Publish Settings for Audio Flash

Choose File➪Publish Settings to access the Publish Settings and to take a global approach to the control of audio output quality. Then choose the Flash tab of the Publish Settings dialog, shown in Figure below. This dialog has three areas where the audio quality of an entire Flash movie can be controlled globally.

The Flash tab of Publish Settings has three options to control audio quality.

The Flash tab of Publish Settings has three options to control audio quality.

The Flash tab of the Publish Settings dialog has three options for controlling audio quality:

  • Audio Stream: Controls the export quality of Stream sounds. To customize, click Set. This gives you a number of options, which are described in the section that follows. Flash 5 supports .MP3, which is the optimal streaming format.
  • Audio Event: Controls the export quality of Event sounds. To customize, click Set. This gives you a number of options, which are described in the section that follows.
  • Override Sound Settings: If this box is checked, Flash uses the Publish Settings, rather than the individual audio settings that are fine-tuned in the Library.

The Set options
Audio Stream and Audio Event have individual compression settings, which can be specified by their respective Set button options. If you click ether Set button on the Flash Tab, the same Sound Settings dialog appears it is identical for both Audio Stream and Audio Event, which means that the same options are offered for both types of sound. The Sound Settings dialog, shown in various permutations in Figure below, displays numerous settings related to the control of audio quality and audio file size. The type of compression chosen governs the specific group of settings that appear.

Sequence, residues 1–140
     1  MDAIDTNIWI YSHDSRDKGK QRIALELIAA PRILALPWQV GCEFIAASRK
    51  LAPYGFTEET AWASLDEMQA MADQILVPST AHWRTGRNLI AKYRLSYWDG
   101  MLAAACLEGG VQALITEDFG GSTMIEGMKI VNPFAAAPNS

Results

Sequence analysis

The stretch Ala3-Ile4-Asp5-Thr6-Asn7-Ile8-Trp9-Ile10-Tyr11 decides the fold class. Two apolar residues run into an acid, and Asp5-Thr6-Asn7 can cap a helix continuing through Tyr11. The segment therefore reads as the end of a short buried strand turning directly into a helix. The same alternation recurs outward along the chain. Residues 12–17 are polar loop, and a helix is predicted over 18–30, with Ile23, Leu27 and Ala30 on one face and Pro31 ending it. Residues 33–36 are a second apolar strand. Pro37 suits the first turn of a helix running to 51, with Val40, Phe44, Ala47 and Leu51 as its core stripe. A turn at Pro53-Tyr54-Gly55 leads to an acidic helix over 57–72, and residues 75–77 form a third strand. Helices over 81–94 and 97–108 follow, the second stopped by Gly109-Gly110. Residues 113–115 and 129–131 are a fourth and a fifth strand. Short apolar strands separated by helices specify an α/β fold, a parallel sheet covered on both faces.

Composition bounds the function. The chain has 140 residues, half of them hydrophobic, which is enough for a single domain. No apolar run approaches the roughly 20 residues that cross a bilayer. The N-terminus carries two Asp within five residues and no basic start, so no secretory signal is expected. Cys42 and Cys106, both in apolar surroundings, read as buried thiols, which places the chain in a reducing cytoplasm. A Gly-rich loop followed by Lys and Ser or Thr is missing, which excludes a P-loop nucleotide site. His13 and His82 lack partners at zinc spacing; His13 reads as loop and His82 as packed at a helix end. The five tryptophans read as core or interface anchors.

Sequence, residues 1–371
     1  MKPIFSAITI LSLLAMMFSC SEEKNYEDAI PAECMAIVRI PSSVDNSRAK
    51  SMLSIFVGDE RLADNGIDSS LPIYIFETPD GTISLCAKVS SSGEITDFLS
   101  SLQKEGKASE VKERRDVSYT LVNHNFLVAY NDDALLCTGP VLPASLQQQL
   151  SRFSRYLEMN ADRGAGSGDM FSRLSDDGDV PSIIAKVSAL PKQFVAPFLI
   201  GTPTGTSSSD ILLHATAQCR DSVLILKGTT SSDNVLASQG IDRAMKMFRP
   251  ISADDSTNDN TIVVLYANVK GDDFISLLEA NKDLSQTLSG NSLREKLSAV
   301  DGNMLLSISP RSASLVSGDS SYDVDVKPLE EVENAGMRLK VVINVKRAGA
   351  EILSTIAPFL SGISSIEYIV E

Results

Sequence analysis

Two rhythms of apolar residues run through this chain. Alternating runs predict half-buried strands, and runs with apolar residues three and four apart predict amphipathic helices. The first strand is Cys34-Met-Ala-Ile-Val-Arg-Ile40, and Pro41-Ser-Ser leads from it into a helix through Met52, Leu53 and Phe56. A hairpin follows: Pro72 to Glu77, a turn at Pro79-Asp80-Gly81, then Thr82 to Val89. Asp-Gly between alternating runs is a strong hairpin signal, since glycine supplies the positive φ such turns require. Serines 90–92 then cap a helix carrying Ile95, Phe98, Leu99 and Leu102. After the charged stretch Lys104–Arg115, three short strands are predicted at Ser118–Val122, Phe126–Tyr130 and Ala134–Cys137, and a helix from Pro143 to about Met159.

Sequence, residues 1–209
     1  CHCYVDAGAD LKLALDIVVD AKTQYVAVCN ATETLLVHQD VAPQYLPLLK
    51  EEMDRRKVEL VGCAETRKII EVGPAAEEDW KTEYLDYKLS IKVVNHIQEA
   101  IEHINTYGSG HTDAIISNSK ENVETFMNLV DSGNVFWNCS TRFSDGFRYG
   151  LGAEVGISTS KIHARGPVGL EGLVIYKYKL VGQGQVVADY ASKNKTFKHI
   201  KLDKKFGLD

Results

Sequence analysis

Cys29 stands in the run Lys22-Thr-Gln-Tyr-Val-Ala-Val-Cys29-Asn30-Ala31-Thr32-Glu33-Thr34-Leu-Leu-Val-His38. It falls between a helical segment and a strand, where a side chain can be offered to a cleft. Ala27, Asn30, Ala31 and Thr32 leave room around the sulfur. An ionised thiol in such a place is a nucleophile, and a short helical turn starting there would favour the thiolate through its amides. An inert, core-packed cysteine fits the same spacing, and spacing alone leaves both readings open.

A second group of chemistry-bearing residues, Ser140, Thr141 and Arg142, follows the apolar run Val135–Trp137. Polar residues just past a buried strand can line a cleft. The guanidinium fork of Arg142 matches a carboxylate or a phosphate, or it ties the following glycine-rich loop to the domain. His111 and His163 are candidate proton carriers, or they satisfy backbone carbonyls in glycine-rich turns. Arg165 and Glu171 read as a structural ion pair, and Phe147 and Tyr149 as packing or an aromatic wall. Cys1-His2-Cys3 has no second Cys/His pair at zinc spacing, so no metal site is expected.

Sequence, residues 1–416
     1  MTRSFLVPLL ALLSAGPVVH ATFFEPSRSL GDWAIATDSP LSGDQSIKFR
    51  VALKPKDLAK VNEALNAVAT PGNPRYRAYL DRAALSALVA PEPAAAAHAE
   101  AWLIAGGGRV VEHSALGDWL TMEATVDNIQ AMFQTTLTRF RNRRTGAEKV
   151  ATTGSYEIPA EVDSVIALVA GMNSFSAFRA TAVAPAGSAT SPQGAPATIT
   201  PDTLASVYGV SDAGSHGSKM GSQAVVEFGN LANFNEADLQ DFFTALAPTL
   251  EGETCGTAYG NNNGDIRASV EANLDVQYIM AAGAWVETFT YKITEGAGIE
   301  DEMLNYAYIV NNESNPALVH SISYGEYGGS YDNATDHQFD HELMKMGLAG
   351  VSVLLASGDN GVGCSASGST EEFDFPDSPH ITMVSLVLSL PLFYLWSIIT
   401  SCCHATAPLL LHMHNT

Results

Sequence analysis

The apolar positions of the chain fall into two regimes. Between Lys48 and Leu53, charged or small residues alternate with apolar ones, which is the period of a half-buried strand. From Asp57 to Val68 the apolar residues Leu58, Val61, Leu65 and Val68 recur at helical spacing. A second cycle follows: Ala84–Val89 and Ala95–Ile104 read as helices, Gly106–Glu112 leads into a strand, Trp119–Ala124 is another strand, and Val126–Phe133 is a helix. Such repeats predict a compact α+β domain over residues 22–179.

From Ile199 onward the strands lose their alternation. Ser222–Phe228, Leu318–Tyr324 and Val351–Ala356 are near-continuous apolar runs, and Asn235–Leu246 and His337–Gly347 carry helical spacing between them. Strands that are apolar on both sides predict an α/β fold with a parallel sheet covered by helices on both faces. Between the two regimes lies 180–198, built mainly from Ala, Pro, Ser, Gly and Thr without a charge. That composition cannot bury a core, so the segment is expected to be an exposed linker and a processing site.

The Sound Settings dialogs

The Sound Settings dialogs

The specific options that are available in the Sound Settings dialogs are always related to the compression, or audio-encoding scheme, selected in the Compression drop-down menu. That’s because different compression technologies support different functionalities:

  • Disable: This option turns off all sounds that have been assigned in the Sound panel to Sync as either Audio Stream or Audio Event. If this option is selected, no sound of that Sync type will be exported when the .SWF movie is published. There are no further options for this setting.
  • ADPCM: With ADPCM selected in the Compression menu, the following options are available:
    • Convert Stereo to Mono: Mixes the right and left channel of audio into one (mono) channel. In sound engineer parlance, this is known as “bouncing down.”
    • Sample Rate: Choose from sampling rates of 5, 11, 22, or 44 kHz.(Increasing the sample rate of an audio file to something higher than the native sample rate of the imported file simply increases file size, not quality. For example, if you import 22 kHz sounds into the Flash movie, selecting 44 kHz will not improve the sound quality.
    • ADPCM Bits: Set the number of bits that ADPCM uses for encoding. You can choose a rate between 2 and 5. The higher the ADPCM bits, the better the audio quality. Flash’s default setting is 4 bits.